This investigation will examine abuse of children, young people and vulnerable adults in State psychiatric care in New Zealand. Psychiatric care includes psychiatric hospitals and other facilities, forensic psychiatric services, community psychiatric and rehabilitation services, including residential and non-residential care, as well as voluntary and non-voluntary care.

The Inquiry will investigate abuse that occurred from 1950 to 1999, and has the discretion to also consider issues and experiences of abuse before and after that period, up to the present day. 

The investigation will gather information about the circumstances of people being taken into psychiatric care, the nature and extent of abuse, why it happened, and the impacts of abuse. It will investigate whether there are any systemic, structural or other factors which contributed to the abuse occurring or which affected the State’s response to abuse. 

The scope of investigation into abuse in psychiatric care can be read here.

 

Case studies

During the investigation the Inquiry will identify particular psychiatric institutions and care providers, issues or themes to examine in case studies. Case studies may include public hearings, roundtables, hui and fono. The first case study in the Psychiatric Care investigation will examine abuse at the Lake Alice Child and Adolescent Unit, and a public hearing on this Unit will be held in 2021.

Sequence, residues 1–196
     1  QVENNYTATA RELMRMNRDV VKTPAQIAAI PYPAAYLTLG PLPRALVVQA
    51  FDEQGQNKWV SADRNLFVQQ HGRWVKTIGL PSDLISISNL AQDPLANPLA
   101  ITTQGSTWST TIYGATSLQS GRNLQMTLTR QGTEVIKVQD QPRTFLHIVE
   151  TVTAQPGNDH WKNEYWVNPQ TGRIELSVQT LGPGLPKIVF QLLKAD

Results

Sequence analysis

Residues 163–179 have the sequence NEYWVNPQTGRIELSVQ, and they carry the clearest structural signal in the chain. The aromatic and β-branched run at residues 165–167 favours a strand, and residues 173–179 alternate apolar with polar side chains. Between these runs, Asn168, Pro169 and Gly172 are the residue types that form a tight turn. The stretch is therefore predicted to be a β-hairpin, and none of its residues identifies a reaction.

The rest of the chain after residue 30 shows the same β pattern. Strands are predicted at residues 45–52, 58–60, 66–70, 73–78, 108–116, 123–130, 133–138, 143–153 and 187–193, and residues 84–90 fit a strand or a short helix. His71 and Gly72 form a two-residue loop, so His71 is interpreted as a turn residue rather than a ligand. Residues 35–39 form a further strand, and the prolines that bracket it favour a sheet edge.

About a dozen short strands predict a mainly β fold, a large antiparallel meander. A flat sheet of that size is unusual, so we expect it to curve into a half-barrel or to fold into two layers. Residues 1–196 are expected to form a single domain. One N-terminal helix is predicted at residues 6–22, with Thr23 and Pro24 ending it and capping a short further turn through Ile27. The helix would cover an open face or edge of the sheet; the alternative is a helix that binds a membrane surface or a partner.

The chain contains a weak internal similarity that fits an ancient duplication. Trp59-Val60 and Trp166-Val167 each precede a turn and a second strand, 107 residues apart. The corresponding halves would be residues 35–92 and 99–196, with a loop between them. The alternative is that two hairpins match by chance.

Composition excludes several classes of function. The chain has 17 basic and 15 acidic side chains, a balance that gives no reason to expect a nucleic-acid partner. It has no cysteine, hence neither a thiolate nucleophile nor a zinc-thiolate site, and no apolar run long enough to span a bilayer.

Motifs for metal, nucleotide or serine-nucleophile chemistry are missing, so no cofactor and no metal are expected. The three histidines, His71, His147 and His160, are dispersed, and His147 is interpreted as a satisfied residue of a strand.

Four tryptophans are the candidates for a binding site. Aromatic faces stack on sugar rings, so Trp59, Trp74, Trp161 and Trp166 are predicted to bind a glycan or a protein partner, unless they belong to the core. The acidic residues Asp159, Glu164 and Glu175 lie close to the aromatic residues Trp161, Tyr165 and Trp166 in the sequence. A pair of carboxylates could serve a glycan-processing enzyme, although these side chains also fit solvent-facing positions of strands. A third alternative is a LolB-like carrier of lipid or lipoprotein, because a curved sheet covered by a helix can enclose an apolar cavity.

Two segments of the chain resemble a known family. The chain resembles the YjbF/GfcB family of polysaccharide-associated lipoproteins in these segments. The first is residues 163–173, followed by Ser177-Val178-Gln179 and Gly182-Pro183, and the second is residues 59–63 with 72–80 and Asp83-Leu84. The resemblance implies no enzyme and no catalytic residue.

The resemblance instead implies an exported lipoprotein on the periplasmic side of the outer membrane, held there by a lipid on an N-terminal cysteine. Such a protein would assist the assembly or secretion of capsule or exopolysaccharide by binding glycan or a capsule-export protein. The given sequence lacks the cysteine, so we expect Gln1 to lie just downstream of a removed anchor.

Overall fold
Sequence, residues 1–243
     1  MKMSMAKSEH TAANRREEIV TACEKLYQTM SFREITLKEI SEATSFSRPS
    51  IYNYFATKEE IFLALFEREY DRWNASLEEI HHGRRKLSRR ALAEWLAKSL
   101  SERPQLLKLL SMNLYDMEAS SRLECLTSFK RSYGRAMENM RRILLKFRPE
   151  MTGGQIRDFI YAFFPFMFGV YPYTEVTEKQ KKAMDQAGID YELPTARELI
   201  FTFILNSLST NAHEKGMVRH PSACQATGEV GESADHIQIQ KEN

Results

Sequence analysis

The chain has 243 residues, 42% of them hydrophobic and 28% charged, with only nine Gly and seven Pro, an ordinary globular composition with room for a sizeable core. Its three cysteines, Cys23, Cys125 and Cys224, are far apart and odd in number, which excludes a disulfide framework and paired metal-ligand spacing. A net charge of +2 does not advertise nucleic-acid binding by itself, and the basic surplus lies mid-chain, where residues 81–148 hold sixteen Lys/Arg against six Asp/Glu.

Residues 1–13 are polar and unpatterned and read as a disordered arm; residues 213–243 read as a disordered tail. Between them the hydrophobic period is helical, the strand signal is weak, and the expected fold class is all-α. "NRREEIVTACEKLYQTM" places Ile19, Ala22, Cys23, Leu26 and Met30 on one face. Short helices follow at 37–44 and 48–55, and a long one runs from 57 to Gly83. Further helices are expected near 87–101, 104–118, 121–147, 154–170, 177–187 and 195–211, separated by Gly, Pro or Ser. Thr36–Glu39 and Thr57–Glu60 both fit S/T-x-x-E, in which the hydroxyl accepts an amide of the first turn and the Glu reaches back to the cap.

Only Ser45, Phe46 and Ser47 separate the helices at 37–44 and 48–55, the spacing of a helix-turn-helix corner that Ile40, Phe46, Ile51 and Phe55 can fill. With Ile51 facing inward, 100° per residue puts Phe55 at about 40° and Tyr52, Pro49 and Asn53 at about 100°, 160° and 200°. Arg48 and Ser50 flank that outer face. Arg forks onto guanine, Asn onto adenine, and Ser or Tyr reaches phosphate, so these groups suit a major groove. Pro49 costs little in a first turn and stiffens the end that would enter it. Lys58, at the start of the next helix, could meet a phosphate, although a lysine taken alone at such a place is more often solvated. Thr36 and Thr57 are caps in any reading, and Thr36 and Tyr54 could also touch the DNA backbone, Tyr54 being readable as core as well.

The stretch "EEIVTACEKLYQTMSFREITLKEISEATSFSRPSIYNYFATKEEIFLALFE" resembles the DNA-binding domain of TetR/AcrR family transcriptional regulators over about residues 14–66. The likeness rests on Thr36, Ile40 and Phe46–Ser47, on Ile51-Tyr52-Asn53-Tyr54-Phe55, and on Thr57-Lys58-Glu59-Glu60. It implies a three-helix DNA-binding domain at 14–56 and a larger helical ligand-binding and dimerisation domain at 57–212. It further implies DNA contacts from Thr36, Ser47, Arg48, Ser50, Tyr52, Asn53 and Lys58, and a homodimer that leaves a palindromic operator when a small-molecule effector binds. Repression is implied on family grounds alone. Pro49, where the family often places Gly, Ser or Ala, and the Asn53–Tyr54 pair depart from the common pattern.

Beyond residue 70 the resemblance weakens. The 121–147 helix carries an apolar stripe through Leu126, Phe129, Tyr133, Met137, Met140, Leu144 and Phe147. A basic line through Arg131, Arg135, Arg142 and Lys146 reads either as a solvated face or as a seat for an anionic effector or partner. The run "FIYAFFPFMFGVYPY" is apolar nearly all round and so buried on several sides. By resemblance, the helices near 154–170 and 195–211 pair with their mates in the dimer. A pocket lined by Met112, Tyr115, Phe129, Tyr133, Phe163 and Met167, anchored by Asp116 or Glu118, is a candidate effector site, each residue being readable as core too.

Lake Alice Child and Adolescent Unit

The Inquiry will investigate what occurred at the Child and Adolescent Unit at Lake Alice Psychiatric Hospital in the 1970s.

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Providing information to the investigation

We want to give a voice to all victims and survivors of abuse in psychiatric care. Victims and survivors, their families and whānau, as well as anyone who witnessed any form of abuse in psychiatric care, all have important information that will help the Inquiry investigate and make findings about what happened. Sharing your experience means the Inquiry can make recommendations for change that are necessary to prevent and respond to abuse in psychiatric care. 

We acknowledge that sharing experiences of abuse will be difficult, but it is important for these stories and accounts to be told and brought into the light. Please click here to access the Inquiry’s wellbeing information and contact page if you need support at any time.

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